Exercise-induced asthma: Although exercise is associated with increased airway caliber, it can also induce asthma. Increased airway flow to meet the increased metabolic demand of exercise results in loss of fluid and heat from airway surfaces. This leaves the peribronchial fluid in a hypertonic state and causes excitation of the irritant airway receptors, which leads to release of the mast cells’ cocktail.
Exercise-induced asthma is more prevalent in cold (i.e. dry air) where water loss will be higher, so occurs more in sports such as cross-country skiing than swimming in a warm humid environment. Bronchoconstriction usually occurs when exercise stops—when the protective effect of sympathetic activity to the airway smooth muscles ceases.
Drug-induced asthma: There are several pharmaceutical and food products that can promote asthma, including tartrazine (a yellow food coloring) and sulfides used as food preservatives. Additionally, 10 to 20 percent of asthmatics are sensitive to aspirin.
Recall that some of the on-demand components of the mast cell’s cocktail were derived from arachidonic acid. There are two pertinent pathways in which arachidonic acid is used: the lipoxygenase pathway and the cyclooxygenase pathway (figure 1.5). The first leads to the production of leukotrienes, which are potent bronchoconstrictors. The second leads to the production of prostaglandins and thromboxane. Normally the distribution of arachidonic acid down these pathways is balanced to meet demand. However, NSAIDS such as aspirin are COX 2 inhibitors and block the cyclooxygenase route, leaving more substrate for the lipoxygenase pathway and production of leukotrienes (figure 1.5) with their bronchoconstrictive effect.
Environmental/occupational asthma: As the airway is open to the environment, it is susceptible to inhaled substances that can cause sensitization; there are over two hundred substances known to cause asthma, both organic and inorganic. Some common ones are listed below.
|Isocyanates||Polyurethane, plastics, varnish, spray paints|
|Trimellitic anhydride||Epoxy resins|
|Organic dust||Plants, grains, animal products|
Table 1.1: Some of the most common environmental causes of asthma. Taking a pulmonary history should include asking about potential environmental exposures.
Determining whether airway hypersensitivity is due to environmental factors is complicated by widely varying latency periods. Short latency periods can be as brief as twenty-four hours and are associated with vapor or smoke exposure that does not cause an immunological response. Longer latency periods that may last years are more commonly associated with an immunological response to large particles that act like antigens.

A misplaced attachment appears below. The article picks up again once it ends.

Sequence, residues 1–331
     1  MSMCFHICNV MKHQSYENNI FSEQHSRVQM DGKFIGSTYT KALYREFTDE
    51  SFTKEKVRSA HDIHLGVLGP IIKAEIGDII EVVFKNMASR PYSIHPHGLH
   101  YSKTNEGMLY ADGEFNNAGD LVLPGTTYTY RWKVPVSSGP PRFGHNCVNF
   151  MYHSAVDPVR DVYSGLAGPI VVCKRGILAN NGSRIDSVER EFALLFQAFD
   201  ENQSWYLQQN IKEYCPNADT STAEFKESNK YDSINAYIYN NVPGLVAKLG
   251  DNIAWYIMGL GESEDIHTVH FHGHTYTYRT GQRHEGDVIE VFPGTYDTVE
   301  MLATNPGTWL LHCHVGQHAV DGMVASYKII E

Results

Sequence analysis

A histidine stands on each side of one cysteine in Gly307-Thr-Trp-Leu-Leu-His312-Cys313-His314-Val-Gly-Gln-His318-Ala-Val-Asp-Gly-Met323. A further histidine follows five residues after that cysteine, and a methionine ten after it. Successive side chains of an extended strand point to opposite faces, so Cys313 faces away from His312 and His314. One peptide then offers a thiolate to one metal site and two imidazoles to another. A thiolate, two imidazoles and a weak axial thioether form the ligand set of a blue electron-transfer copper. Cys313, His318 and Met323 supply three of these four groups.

The situation is further confused by occupation-related responses, which often cause the airway to become more sensitive to some of the other causes of asthma covered here. This makes the role of an environmental factor more difficult to determine.
Pathophysiology of Asthma
With numerous and maybe concurrent mechanisms, what does asthma look like in the airway? The normal lumen of the airway has a relatively lower resistance, as depicted in panel A of figure 1.6, but in mild asthma the lumen is narrowed (thereby raising resistance to airflow) through swelling of the airway wall, contraction of airway smooth muscle, and blockage (or plugging) of the airway by increased mucus secretion (figure 1.6B). This worsens in more severe asthma until the lumen can be extremely narrow (figure 1.6C) or even completely blocked.
Other characteristics of asthma include the presence of eosinophillic that infiltrate into the airway walls. The eosinophil enzymes also leave a telltale sign: Charcot–Leyden crystals, as shown in the circled area of figure 1.7A.
The sputum of the asthmatic may also contain Curshman’s spirals (figure 1.7B), which are casts of small bronchioles consisting of mucus and shed epithelial cells. However, Curshman’s spirals are not exclusive to asthma.
With persistent asthma the airway undergoes remodeling (figure 1.8), with thickening of the airway wall and basement membrane, enlarged submucosal glands, and hypertrophy and hyperplasia of airway smooth muscle.
Clinical Presentation of Asthma
One useful diagnostic element of asthma is its episodic or acute behavior. However, as patients may be asymptomatic between attacks, the severity of asthma can be difficult to determine without performing bronchial challenge tests.
The characteristic signs of asthma progress and vary with declining FEV1 (summarized in figure 1.9). Most attacks start with mild wheezing and coughing, which progress with the severity of attack. The location and form of sensations vary between patients, but most asthmatics complain of chest tightness. This sensation is more commonly reported by asthmatics than other pulmonary patients, so it is a useful diagnostic sign.
As airway resistance increases, the accessory muscles are deployed to maintain sufficient airflow through the narrowing airways, and the patient experiences an increased effort to breathe. Increased expiratory efforts produce dynamic airway collapse and lead to hyperinflation. Further decreases in airway caliber result in insufficient alveolar ventilation and deranged blood gases. The sensation reported at this point is air hunger. Once the patient is severely bronchoconstricted, delivery of inhaled therapies is much more difficult, and mechanical ventilation to support the respiratory muscles becomes complicated. Other signs present during a severe attack are raised heart (tachycardia) and breathing (tachypnea) rates as well as a paradoxical pulse (i.e., a rise in blood pressure during expiration).